Anyway, I’m really looking forward to reading Jacobs’ latest book.  His interview with Jian Ghomeshi on CBC Radio’s Q was great and reminded me how much I enjoy his writing.  Now the only challenge is to wrestle this book away from Pete, who has managed to start reading it first.  He has been home for two days, ill with a fever, so I think I can overpower him.

And now for a quick question: what are you reading right now?

The 30/30 Challenge

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I subscribe to David Suzuki’s Facebook updates.  I love, love, love The Nature of Things, I have tremendous respect for David Suzuki and I nearly voted for him for CBC’s The Greatest Canadian.   Unfortunately, David Suzuki’s Facebook and Twitter updates usually have the effect of terrifying me that everything in my house is toxic and will kill us all.  That’s probably true.  But I’m a worrier and often these updates just send me into a worry tailspin.  But once in a while, Suzuki cheers me up with an inspiring call to action, with some words of wisdom, or with a good old-fashioned photo challenge.

Earlier this month, I signed up for The David Suzuki Foundation’s 30/30 Challenge.  I felt a little lost after the adventure race was finished and decided that I needed another project to keep me occupied.  This one is considerably less time-consuming, thank goodness.

Simply, I pledged to spent at least 30 minutes a day outside “in nature” and to capture these moments in photos.  As part of the challenge, participants are encouraged to upload our photos to David Suzuki’s Flickr group.  There are prizes for the best shots.  I have an inexpensive camera that has been dropped a few times and very unimpressive photographic skills, so I’m not really in it for the competition.  June is a really lovely month to spend outdoors, and I figure it’s good to have a little reminder to get outside when life gets hectic.  And it’s been great for C.  She loves being outdoors, and she had a great time today at an outdoor baby yoga class.  It mainly consisted of her doing forward folds to reach for grass she wanted to eat.  But still.  Nature.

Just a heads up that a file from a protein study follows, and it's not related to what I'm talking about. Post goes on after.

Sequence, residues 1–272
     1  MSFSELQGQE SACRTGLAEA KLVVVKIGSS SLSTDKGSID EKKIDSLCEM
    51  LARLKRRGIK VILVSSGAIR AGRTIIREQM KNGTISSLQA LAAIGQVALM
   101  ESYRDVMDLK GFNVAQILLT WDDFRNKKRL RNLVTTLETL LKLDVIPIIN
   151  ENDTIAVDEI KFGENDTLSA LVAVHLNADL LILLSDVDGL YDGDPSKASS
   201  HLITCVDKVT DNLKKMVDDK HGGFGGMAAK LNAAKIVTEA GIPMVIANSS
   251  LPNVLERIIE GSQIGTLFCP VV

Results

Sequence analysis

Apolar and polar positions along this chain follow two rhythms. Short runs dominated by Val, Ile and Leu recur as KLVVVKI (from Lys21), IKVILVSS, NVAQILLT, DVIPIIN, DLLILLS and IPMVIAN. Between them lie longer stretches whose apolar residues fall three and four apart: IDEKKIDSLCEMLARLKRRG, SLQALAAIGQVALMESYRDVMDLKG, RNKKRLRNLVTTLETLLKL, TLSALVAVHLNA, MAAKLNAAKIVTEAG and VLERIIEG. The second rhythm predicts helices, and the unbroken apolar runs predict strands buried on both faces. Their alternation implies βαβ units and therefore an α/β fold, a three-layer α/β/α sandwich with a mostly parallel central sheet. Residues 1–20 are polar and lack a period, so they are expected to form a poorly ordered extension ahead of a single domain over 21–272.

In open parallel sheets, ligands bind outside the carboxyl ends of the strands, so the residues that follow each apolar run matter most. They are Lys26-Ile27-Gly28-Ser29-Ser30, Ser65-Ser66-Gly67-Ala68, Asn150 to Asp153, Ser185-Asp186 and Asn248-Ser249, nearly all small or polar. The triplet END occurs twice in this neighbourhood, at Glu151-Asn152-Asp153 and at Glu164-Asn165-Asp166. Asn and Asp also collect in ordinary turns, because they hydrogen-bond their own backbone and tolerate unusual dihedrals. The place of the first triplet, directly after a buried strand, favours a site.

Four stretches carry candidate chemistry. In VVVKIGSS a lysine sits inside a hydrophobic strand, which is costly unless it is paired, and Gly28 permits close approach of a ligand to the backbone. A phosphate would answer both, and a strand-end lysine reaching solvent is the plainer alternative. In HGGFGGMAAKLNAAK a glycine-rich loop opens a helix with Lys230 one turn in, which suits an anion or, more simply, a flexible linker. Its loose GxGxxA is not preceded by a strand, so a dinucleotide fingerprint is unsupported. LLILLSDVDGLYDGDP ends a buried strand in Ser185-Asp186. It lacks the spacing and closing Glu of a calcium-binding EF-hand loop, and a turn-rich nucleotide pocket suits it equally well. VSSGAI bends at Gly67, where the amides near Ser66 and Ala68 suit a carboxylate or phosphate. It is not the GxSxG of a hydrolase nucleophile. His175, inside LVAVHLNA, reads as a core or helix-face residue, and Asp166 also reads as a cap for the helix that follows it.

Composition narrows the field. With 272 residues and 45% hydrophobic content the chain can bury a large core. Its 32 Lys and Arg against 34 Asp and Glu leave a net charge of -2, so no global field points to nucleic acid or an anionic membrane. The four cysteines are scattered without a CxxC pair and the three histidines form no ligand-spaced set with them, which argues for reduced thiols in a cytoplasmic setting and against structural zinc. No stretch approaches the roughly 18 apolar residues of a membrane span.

I’m not going to post all of the photos I’ve taken so far, because some of them are pretty terrible (the lack of camera skills sometimes lead to fuzzy, out-of-focus shots of our lilacs) and I don’t want to subject readers to that.  But I’ll post some of the highlights throughout the month of June.

C and me (not pictured: Pete) out for a stroll near our house.

Words, words, words

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I love reading.  I love it a ton.  I crammed in a bunch of thousand-page Russian novels before C was born because I figured I wouldn’t have much time for that sort of thing once she arrived.  I saved up some popular page-turners for after her birth because I knew that I would still want to read, but that I wouldn’t have much time or brain power.  So, since I had her, I’ve managed to read The Girl with the Dragon Tattoo and The Hunger Games trilogy.  That’s it.  In nine months.  Sigh.

More than anything else, I’m really struggling to find the time to read.  I can find a few minutes to pick the banjo, I can take C out to exercise with me, and I can do some evening baking, but lately, I just can’t seem to finish a book.

I think there are a few things going on here:

1)      I like to read in long sessions.  I should try to just get over this and get used to reading a page or two at a time, I guess.  Changing is hard.

2)      I need sleep.  I know people who stay up late reading in bed and I just can’t do it.  When I’m in bed I’m sleeping.  End of story.

3)      I don’t like to speed-read or skim.  Case in point: I read the farming chapters in Anna Karenina.  Thoroughly.  I did not skim those suckers.  Ask me about 19th century Russian farming practices.

This pretty much sums it up.

4)      When I’m reading and Pete is puttering or working, I feel lazy.  And he is always puttering or working, so I end up puttering or working along with him.

I may have to just change my reading habits for a bit while C (and hypothetical second child) is little.  I’m thinking that I should just set some small daily goals for reading.

Busy readers, do you have any tips on how to squeeze some literature into my day?